Branson celebrates Lunar New Year


Abby Keenley

12 animals represent the Chinese zodiacs based on the lunar calendar. This year is the Year of the Tiger.

By Reese Dahlgren

Feb. 1 marked the start of the Lunar New Year celebration. Most commonly celebrated in East Asian cultures, the 15-day festival honors the beginning of the new year on the lunar calendar. Families often come together to celebrate with their own traditions and activities. Here’s a look into how Branson students and faculty embrace the new year celebration. 


How do you celebrate the Lunar New Year?

Matt Chan, college counselor: “I typically have dinner with both sides of my family. My dad’s side celebrates Lunar New Year, and my mom’s side celebrates Tet, which is the Vietnamese celebration of the new year.” 


Daphne Hwang, a senior: “I eat food with my family, like dumplings, oranges, sticky rice cakes, and other foods.” 


Sophie Liu, a junior: “For me, Lunar New Year is about spending time with family. We don’t typically do anything extravagant.” 


Aimee Yang, a sophomore: “I celebrate Lunar New Year with my family. We eat fish because there’s a saying, “nian nian you yu,” which means wealth, happiness, and health. We also eat long noodles because they represent a long and healthy life.”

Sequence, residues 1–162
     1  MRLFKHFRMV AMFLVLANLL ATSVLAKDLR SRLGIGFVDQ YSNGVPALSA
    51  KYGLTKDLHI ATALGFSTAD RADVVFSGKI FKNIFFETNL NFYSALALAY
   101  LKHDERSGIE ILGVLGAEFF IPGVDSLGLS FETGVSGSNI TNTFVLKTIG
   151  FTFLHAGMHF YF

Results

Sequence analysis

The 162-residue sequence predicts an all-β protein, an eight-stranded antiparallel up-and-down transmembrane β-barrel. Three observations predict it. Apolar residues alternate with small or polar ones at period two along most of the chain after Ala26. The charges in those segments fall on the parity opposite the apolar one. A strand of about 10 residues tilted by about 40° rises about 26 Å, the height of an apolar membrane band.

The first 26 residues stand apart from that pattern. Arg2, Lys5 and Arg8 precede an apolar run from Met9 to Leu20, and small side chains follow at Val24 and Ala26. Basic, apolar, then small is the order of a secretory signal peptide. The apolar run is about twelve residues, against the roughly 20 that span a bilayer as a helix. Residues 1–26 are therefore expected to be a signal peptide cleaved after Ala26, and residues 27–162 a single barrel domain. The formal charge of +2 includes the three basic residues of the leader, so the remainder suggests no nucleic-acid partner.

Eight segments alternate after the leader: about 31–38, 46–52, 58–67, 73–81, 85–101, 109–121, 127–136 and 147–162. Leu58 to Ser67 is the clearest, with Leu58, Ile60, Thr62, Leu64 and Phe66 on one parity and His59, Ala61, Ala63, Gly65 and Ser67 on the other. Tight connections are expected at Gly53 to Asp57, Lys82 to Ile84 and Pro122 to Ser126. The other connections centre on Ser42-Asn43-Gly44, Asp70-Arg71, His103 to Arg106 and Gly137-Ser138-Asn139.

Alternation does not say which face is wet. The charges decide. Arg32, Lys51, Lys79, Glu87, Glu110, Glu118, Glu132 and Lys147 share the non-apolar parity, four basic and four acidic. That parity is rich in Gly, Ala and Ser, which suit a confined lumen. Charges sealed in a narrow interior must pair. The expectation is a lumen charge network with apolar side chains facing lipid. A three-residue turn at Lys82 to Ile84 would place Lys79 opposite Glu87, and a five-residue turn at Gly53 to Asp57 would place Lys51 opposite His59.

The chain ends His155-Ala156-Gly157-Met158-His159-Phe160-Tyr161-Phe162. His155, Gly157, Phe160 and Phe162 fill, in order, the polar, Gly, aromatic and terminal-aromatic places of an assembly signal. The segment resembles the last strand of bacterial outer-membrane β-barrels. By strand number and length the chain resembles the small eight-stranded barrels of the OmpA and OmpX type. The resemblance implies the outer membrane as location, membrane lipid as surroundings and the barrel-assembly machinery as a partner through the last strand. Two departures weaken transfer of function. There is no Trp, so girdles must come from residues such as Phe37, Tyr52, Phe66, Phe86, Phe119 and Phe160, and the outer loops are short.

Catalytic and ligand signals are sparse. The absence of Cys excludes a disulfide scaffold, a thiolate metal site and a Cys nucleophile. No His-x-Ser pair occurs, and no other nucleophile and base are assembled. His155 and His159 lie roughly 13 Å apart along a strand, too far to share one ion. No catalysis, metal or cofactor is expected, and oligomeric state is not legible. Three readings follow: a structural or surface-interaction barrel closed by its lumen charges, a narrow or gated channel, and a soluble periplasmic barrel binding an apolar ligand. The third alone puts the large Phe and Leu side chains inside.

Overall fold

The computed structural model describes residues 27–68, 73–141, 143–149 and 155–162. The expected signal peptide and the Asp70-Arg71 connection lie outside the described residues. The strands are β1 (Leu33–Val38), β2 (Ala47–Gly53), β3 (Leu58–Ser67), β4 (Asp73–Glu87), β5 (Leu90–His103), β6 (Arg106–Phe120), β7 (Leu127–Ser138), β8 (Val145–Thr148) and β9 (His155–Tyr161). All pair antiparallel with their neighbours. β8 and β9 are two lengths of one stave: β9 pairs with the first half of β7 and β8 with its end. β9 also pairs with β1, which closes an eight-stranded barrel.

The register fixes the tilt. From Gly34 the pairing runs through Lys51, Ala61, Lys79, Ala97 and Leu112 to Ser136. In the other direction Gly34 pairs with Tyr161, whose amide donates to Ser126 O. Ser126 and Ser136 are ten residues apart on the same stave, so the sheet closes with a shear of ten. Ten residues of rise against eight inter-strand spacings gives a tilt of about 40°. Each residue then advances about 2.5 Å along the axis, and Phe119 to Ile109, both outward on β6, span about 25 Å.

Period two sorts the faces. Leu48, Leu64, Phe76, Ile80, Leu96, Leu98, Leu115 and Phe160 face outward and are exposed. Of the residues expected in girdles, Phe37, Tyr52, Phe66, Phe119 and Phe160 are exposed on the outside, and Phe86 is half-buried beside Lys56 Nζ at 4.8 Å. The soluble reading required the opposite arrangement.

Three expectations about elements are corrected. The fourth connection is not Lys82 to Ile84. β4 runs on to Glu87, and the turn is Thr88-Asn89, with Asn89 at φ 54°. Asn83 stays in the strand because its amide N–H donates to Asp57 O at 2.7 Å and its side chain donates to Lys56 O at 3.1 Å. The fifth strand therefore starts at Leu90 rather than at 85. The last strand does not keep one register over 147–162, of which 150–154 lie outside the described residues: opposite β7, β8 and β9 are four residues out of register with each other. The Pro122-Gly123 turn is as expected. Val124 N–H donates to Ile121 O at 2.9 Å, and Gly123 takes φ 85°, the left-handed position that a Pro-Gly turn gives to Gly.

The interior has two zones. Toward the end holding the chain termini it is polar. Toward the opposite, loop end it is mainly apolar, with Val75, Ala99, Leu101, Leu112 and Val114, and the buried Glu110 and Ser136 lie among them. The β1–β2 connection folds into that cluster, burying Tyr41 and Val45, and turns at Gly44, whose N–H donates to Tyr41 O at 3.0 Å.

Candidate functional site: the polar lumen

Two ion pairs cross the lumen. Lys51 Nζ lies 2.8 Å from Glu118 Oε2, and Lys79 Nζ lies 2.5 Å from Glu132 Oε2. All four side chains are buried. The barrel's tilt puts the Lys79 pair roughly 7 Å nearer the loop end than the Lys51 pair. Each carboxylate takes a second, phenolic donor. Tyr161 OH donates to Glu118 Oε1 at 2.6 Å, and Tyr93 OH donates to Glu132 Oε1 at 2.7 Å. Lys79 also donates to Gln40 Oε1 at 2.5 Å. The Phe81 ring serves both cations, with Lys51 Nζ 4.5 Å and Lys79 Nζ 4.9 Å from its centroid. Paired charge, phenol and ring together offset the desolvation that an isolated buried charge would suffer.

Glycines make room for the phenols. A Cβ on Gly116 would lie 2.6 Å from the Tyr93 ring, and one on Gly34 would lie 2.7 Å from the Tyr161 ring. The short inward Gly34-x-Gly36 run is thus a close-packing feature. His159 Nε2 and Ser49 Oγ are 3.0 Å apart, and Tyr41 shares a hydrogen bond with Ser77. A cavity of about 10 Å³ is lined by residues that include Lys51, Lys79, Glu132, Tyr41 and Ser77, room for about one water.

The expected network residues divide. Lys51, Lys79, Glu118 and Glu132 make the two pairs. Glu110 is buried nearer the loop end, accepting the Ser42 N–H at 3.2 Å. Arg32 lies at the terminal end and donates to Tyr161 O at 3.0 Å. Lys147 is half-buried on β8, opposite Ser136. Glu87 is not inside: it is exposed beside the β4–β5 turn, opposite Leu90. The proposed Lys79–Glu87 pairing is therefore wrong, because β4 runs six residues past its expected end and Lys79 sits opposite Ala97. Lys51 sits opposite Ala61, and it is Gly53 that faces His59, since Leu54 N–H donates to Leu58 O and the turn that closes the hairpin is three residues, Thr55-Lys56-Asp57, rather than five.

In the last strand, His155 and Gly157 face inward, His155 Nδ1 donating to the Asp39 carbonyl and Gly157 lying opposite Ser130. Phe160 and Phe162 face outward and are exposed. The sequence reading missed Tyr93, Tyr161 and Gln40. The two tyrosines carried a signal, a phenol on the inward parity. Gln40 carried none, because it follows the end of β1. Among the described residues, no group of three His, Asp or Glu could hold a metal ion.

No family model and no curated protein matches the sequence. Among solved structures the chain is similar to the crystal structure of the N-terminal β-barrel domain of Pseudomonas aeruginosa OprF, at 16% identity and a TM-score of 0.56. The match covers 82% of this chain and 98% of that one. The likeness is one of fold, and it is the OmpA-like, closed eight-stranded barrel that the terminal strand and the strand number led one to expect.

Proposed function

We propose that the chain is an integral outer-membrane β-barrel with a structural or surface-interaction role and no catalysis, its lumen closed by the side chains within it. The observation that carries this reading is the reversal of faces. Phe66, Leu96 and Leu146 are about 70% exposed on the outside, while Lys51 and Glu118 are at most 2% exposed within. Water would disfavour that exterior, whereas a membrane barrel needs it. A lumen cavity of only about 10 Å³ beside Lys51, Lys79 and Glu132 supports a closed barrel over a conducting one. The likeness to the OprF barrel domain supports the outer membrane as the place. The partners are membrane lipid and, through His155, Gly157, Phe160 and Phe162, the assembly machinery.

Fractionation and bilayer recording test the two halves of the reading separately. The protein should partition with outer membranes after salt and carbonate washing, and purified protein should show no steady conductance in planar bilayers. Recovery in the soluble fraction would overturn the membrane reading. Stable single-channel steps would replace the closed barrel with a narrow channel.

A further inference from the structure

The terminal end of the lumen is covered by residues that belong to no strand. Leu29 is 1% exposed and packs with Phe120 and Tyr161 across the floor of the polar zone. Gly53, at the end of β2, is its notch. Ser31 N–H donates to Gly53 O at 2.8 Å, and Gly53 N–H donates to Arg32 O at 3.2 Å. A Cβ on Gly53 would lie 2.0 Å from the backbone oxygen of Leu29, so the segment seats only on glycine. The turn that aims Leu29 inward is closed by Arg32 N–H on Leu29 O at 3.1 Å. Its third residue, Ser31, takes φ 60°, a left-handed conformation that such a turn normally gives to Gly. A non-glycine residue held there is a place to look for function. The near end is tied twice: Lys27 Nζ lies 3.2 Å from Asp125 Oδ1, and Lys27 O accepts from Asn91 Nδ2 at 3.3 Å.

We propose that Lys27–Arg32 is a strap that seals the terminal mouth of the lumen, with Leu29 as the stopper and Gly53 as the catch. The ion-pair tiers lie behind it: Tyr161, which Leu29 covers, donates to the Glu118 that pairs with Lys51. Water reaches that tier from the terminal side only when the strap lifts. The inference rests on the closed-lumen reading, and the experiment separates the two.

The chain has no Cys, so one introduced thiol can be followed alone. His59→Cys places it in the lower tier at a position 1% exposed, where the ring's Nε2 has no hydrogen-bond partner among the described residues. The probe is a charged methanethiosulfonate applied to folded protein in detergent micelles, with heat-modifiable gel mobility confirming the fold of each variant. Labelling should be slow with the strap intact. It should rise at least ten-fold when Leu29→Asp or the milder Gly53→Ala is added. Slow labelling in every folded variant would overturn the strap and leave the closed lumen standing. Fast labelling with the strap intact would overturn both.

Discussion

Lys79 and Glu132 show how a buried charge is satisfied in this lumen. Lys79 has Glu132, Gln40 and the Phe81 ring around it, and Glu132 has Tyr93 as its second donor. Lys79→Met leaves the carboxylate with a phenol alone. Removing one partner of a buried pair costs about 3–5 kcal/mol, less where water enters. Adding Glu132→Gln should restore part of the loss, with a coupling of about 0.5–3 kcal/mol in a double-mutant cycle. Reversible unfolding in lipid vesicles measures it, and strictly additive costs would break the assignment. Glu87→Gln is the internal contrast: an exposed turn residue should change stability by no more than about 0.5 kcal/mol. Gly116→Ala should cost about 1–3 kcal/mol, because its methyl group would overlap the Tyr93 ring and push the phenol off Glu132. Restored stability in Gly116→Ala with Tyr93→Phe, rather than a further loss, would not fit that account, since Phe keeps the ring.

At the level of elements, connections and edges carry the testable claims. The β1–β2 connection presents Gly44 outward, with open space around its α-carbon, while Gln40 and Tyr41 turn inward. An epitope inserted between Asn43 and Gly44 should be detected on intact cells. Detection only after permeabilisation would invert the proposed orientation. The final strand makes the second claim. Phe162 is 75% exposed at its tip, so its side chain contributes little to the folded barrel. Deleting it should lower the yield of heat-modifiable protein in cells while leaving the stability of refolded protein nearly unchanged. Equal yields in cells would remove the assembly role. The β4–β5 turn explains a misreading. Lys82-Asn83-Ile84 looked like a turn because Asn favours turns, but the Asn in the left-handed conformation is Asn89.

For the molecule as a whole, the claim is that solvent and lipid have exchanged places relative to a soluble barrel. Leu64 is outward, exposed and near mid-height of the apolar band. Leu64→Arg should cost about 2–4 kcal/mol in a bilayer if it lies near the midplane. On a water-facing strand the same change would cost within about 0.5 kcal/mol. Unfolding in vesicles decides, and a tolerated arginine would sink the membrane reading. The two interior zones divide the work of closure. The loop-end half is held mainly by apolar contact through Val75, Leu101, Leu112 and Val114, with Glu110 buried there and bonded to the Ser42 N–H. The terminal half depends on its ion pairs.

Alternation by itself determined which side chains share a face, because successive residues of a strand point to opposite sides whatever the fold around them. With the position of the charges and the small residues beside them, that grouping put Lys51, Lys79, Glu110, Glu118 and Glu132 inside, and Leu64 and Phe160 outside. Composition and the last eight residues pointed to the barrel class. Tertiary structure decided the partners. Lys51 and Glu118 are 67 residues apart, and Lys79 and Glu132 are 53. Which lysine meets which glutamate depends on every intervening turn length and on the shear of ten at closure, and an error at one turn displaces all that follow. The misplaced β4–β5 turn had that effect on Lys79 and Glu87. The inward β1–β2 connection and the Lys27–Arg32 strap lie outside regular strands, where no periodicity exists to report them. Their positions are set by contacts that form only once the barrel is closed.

What family traditions do you have?

Chan: “Lunar New Year always involves a lot of food. Honestly, my family eats a smorgasbord; it’s not always Chinese or Vietnamese. This year we ate roasted pork belly as the main event. We also made time for handing out red envelopes and going to Chinatown to watch the parade.”

Hwang: “I wear red because it represents good luck. My extended family also starts email chains to wish each other a happy new year.” 


Liu: “My family usually has a nice meal where we order dim sum or get takeout. We’ll occasionally cook scallion pancakes or dumplings as our main activity.”


Yang: “My family eats lots of dumplings. When I was little, we used to make dumplings and play a game where my parents would secretly put nuts in a few of them, and whoever ate the nuts won something special. We also wear qipao, which is traditional Chinese clothing. I wear a yellow qipao, and my dad and grandpa wear black qipao suits. “


What does Lunar New Year mean to you? 

Chan: “Lunar New Year makes me feel closer to home. Family, friends, and food are all parts of who I am. It’s a greater celebration that reminds me that I’m a part of something bigger.”


Hwang: “Lunar New Year is a time to be with my family.”


Liu: “Lunar New Year is really special to my family and my culture. It’s one of the few times where I feel truly connected to my Chinese heritage.”


Yang: “It marks the beginning of a new year, so I want to celebrate with the people I love and bring luck and prosperity to my family.”